The bit fade test initializes all of memory with a pattern and then sleeps for 5 minutes. Then memory is examined to see if any memory bits have changed. All ones and all zero patterns are used.

Because bad sectors may sometimes work and not work another time, I recommend letting MemTest run a few passes. A full pass is a completed test series that have passed. (The above test series 1-11) The more passes you get without errors, the more accurate your MemTest run. I usually run around 5 passes to be sure.

The error count for healthy memory should be 0. Any number above 0 may indicate damaged/faulty sectors.

ECC error count should only be taken into account when ECC is set to off. ECC stands for Error-correcting code memory and it's a mechanism to detect and correct wrong bits in a memory state. It can be compared slightly to the parity checks done on RAID or optical media. This technology is quite expensive and will likely only be encountered in server set-ups. The ECC count counts how many errors have been corrected by the memory's ECC mechanism. ECC shouldn't have to be invoked for healthy RAM, so an ECC error count above 0 may also indicate bad memory.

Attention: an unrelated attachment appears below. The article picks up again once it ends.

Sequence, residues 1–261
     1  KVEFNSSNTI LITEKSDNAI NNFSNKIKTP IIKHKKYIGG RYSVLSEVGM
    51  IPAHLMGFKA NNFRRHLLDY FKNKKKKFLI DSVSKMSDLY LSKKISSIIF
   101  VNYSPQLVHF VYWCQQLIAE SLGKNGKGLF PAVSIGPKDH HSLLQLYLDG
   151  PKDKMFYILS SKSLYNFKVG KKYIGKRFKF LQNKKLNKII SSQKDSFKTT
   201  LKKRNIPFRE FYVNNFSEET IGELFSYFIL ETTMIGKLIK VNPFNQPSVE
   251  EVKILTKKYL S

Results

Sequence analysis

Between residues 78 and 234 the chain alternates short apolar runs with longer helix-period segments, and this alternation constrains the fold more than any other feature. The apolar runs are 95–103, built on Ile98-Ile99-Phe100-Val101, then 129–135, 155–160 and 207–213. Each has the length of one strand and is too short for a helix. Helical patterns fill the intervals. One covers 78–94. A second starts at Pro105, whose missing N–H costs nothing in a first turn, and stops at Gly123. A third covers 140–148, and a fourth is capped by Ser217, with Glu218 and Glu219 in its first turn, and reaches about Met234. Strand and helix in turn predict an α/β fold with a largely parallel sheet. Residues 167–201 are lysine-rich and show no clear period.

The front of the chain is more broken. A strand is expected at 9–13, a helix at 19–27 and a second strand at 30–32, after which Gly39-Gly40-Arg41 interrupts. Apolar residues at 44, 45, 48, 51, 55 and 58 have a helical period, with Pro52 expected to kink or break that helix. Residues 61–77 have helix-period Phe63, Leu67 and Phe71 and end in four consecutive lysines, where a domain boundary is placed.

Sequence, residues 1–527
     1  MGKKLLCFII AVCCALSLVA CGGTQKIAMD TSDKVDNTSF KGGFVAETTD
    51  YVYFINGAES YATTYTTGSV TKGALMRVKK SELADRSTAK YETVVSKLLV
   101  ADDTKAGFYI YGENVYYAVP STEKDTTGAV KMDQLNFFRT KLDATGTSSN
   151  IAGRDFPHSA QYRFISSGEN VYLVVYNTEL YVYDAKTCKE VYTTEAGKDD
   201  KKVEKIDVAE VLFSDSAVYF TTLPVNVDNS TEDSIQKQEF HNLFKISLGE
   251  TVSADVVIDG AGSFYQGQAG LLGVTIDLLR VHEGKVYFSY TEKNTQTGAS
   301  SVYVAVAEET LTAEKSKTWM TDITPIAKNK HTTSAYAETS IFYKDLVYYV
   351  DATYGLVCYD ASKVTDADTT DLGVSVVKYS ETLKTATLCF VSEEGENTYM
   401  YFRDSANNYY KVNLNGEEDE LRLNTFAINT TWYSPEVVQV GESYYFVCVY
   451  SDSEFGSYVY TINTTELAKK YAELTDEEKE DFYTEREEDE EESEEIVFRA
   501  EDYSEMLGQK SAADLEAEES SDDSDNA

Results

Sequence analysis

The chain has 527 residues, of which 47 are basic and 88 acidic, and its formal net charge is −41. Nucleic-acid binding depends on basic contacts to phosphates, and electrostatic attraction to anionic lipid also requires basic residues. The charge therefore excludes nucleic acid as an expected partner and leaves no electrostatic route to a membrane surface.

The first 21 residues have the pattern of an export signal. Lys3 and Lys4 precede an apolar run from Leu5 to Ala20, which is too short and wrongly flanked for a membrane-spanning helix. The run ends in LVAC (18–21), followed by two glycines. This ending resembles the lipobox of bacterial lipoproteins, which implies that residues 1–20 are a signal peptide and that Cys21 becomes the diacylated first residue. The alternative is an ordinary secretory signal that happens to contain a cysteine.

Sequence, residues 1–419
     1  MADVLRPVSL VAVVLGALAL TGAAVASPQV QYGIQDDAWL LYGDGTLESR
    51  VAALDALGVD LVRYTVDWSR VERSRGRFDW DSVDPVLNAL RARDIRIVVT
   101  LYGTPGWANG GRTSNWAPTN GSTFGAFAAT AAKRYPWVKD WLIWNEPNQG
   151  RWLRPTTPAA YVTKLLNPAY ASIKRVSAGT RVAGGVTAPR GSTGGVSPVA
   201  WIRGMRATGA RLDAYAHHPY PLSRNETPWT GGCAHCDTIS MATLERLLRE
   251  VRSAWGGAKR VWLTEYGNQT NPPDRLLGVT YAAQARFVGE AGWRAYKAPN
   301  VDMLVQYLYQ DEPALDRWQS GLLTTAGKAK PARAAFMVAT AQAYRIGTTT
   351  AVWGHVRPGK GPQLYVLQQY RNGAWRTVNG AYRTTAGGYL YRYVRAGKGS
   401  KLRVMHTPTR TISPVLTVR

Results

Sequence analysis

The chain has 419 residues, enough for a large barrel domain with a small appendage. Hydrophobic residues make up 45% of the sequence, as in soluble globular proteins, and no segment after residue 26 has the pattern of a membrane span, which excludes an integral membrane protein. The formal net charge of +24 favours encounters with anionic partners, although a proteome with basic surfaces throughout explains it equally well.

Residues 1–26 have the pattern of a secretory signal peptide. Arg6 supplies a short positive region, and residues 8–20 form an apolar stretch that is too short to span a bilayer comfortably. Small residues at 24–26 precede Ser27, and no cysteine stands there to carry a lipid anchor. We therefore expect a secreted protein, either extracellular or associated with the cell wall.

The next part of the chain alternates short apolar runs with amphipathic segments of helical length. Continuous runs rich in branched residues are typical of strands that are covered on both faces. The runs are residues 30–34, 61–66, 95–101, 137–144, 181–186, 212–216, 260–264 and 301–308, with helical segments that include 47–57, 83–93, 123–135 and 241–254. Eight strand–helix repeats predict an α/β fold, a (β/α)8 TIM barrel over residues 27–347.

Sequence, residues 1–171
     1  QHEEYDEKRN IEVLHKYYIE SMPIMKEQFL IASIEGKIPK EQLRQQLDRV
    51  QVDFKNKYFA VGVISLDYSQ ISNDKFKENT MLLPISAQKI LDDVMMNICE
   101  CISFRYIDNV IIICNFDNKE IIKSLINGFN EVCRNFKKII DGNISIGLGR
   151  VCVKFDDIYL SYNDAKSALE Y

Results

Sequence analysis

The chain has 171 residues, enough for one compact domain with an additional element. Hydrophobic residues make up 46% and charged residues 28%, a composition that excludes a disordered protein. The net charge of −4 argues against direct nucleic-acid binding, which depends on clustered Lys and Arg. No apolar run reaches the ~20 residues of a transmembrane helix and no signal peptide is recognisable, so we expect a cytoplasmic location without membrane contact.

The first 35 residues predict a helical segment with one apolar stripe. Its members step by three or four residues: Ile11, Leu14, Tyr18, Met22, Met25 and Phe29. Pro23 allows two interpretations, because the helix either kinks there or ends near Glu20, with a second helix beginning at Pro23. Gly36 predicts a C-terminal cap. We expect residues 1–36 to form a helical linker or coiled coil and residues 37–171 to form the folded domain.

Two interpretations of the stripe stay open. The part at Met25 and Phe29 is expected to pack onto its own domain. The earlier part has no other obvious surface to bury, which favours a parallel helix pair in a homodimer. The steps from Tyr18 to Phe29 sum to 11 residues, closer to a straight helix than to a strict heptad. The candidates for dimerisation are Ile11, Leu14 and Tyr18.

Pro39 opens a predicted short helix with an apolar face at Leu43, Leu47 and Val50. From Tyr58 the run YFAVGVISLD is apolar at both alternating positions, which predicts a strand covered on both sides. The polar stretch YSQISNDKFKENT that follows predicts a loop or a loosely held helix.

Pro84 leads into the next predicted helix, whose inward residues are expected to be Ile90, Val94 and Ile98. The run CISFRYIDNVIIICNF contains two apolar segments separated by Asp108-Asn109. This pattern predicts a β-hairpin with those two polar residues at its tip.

Error explanation

Example of Memtest that has encountered errors. It shows which sector/address has failed.

Memtest screen with errors

The first column (Tst) shows which test has failed, the number corresponds to the test number from the list already mentioned above. The second column (Pass) shows if that test has passed. In the case of the example, test 7 has no passes.

The third column (Failing Address) shows exactly which part of the memory has errors. Such a part has an address, much like an IP address, which is unique for that piece of data storage. It shows which address failed and how big the data chunk is. (0.8MB in the example)